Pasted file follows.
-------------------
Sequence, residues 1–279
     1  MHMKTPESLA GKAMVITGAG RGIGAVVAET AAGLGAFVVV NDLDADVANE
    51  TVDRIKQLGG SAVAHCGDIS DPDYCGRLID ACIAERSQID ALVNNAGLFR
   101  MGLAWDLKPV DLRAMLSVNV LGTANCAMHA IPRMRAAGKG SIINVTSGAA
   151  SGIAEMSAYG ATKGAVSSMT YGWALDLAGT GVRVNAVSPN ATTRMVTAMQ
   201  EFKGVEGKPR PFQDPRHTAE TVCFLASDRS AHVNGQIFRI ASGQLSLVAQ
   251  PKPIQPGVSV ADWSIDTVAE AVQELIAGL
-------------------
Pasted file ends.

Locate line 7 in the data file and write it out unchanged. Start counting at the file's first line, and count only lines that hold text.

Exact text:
   251  PKPIQPGVSV ADWSIDTVAE AVQELIAGL